Conway bags second Toronto win thanks to pit gamble, great restart (VIDEO)

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TORONTO – A race otherwise dominated by the Team Penske and Chip Ganassi Racing squads saw the single-car Ed Carpenter Racing steal a win in Toronto. Mike Conway won his second, and ECR’s third race of the 2014 Verizon IndyCar Series season in the second of Sunday’s Honda Indy Toronto doubleheader races.

Perhaps it was fitting that tire strategy played a key part in Firestone’s 250th career victory in IndyCars.

Conway’s call to move the No. 20 Fuzzy’s Vodka Chevrolet onto dry weather Firestone slicks on Lap 44, just prior to a caution flag, proved the deciding factor as the quiet but talented Englishman took control of the race in the waning stages when the previously damp track began to dry.

Conway started 11th in the race and was in fifth at the point of the second-to-last restart on Lap 49. But as he was on the dries with the top four in front of him – Justin Wilson, Josef Newgarden, Carlos Huertas and Luca Filippi – still gambling on wet weather tires and further cautions, Conway passed them all by Lap 51.

The ultimate winning move came when Conway passed Wilson exiting Turn 6, the sweeping right-hander. A caution on Lap 51 for a multi-car incident at Turn 3 stopped the race once again.

“I knew as soon as I could see part of a dry line I’d come in,” Conway told NBCSN’s Kelli Stavast in victory lane. “From there we just took off. I knew we had to cover it. We had good fun out there.”

The race had one final restart after INDYCAR – which opted to utilize a timed race of 80 minutes instead of the scheduled 65 laps, as there was another scheduled support race just after 6 p.m. ET at the Exhibition Place street circuit – threw a red flag following the Lap 51 incident, which began following contact between Huertas and Charlie Kimball.

After the restart, which occurred on Lap 54, Conway streaked away from the rest of the field to the victory.

Despite the win, Conway’s team owner Ed Carpenter wasn’t a fan of the red flag call.

“I can’t say that I like it,” Carpenter told NBCSN. “It worked out. But how many times are you gonna go red. You don’t seem to know what’s going on as a competitor.”

Another of the drivers that had switched onto dries, Tony Kanaan, made it up to second in the No. 10 Target Chip Ganassi Racing Chevrolet, with Team Penske’s Will Power coming home third in the No. 12 Verizon Team Penske Chevrolet.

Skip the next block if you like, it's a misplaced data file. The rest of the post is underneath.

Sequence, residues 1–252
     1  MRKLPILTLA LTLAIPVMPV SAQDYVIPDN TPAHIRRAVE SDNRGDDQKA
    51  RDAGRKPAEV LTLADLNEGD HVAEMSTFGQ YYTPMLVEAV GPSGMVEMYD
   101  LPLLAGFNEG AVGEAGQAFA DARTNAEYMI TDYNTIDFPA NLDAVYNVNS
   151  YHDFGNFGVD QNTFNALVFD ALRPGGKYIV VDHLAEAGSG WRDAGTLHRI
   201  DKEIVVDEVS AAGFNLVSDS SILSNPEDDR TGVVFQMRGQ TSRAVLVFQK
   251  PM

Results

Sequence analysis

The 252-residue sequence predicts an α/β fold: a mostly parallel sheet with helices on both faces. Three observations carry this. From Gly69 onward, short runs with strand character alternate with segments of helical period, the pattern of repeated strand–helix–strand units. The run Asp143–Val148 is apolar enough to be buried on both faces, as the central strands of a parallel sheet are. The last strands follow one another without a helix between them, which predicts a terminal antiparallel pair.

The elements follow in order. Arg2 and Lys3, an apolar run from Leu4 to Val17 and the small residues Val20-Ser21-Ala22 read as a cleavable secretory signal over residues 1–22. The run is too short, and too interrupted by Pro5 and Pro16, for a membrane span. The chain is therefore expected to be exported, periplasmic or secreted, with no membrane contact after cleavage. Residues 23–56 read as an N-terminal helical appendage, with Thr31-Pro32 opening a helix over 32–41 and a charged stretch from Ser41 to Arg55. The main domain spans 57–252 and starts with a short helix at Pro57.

Both races featured all-Chevrolet podium sweeps.

Kimball, who survived the Turn 3 fracas, finished fourth in the No. 83 Levemir FlexTouch Chip Ganassi Racing Chevrolet and Takuma Sato scored a desperately needed fifth place in the No. 14 ABC Supply Co. Honda. Sato broke a string of nine consecutive races finishing 18th or worse.

The four who gambled on wets fell to 10th or worse. Wilson was 10th, Newgarden 13th, Huertas 15th and Filippi 16th – the latter earning a 30-second penalty post-race for doing work in a closed pit.

Points leader Helio Castroneves struggled home to 12th and suffered late race wing damage. He’ll retain the points lead, but Power has closed after this result.

Meanwhile race one winner Sebastien Bourdais failed to make much headway from 10th on the grid, and ended ninth in race two.

F1 2017 driver review: Sergio Perez

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Sergio Perez

Team: Sahara Force India
Car No.: 11
Races: 20
Wins: 0
Podiums: 0
Best Finish: P4 (Spain)
Pole Positions: 0
Fastest Laps: 1
Points: 100
Championship Position: 7th

While failing to hit the podium as he did in both 2015 and 2016, Sergio Perez once again finished the year as Formula 1’s leading midfield team driver, but faced a greater fight from within Force India in the shape of Esteban Ocon.

Perez has long been knocking on the door of F1’s top teams should an opportunity come up, and 2017 saw him continue his solid if unspectacular form. The dominance of Mercedes, Red Bull and Ferrari meant any finish higher than seventh was impressive, something he managed to do on five occasions.

But there were some missed opportunities along the way, most significantly in Baku. Force India had been quick all weekend, with Perez charging to sixth on the grid, and when drama struck at the front, he and teammate Ocon were eyeing a podium finish as a minimum.

Contact between the two forced Perez to retire and prompted Ocon to pit for repairs, leaving the team without the top-three finish it targeted heading into the season. With Lance Stroll taking P3 for Williams and Daniel Ricciardo winning the race, a maiden victory for Force India was not out of the realm of imagination.

Perez and Ocon came to blows on a number of occasions, with the final straw coming in Spa when they twice touched on-track, prompting Force India to introduce team orders. Perez finished the year 13 points clear of Ocon in the final standings, meeting his own pre-season target of 100 points, yet the Frenchman had arguably made the bigger impression at Force India through his first full season in F1.

Force India remains the top underdog in F1 with Perez spearheading its charge, but it is difficult to see either taking the final step to becoming true contenders at the front of the field anytime soon, as solid as their displays have been.

Season High: P4 in Spain after retirements for the ‘big three’.

Season Low: Losing a sure-fire podium, if not a win, in Baku after contact with Ocon.